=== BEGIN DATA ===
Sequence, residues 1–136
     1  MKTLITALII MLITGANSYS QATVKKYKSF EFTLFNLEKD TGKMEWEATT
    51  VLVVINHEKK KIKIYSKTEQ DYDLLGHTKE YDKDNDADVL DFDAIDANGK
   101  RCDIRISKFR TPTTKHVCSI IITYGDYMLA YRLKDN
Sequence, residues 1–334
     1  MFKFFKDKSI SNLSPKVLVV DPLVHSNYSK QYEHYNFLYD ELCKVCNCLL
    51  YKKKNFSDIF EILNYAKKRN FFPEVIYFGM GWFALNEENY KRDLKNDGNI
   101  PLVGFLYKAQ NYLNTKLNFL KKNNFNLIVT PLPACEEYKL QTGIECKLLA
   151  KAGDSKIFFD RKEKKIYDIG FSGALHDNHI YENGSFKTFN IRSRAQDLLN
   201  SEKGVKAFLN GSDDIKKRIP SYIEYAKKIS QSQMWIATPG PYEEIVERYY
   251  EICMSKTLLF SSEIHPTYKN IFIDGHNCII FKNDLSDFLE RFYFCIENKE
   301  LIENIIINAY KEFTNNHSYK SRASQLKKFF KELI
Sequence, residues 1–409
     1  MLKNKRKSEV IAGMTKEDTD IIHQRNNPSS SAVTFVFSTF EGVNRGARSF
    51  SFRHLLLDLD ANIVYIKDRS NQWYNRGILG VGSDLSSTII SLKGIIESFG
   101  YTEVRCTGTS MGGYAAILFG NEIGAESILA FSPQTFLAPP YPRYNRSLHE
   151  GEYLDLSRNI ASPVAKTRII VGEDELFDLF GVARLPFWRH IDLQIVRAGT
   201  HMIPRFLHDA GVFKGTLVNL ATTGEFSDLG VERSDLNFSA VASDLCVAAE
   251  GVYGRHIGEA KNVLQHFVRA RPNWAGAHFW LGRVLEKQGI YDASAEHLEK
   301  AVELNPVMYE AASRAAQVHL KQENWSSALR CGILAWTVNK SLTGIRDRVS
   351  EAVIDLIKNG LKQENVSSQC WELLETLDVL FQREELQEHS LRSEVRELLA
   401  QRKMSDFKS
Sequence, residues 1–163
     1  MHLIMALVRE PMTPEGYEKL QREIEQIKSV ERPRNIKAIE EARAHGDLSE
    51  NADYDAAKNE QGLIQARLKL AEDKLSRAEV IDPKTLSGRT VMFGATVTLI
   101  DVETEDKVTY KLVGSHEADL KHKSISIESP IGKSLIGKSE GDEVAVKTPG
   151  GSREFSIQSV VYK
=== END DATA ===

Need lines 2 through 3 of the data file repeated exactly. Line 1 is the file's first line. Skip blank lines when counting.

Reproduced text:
     1  MKTLITALII MLITGANSYS QATVKKYKSF EFTLFNLEKD TGKMEWEATT
    51  VLVVINHEKK KIKIYSKTEQ DYDLLGHTKE YDKDNDADVL DFDAIDANGK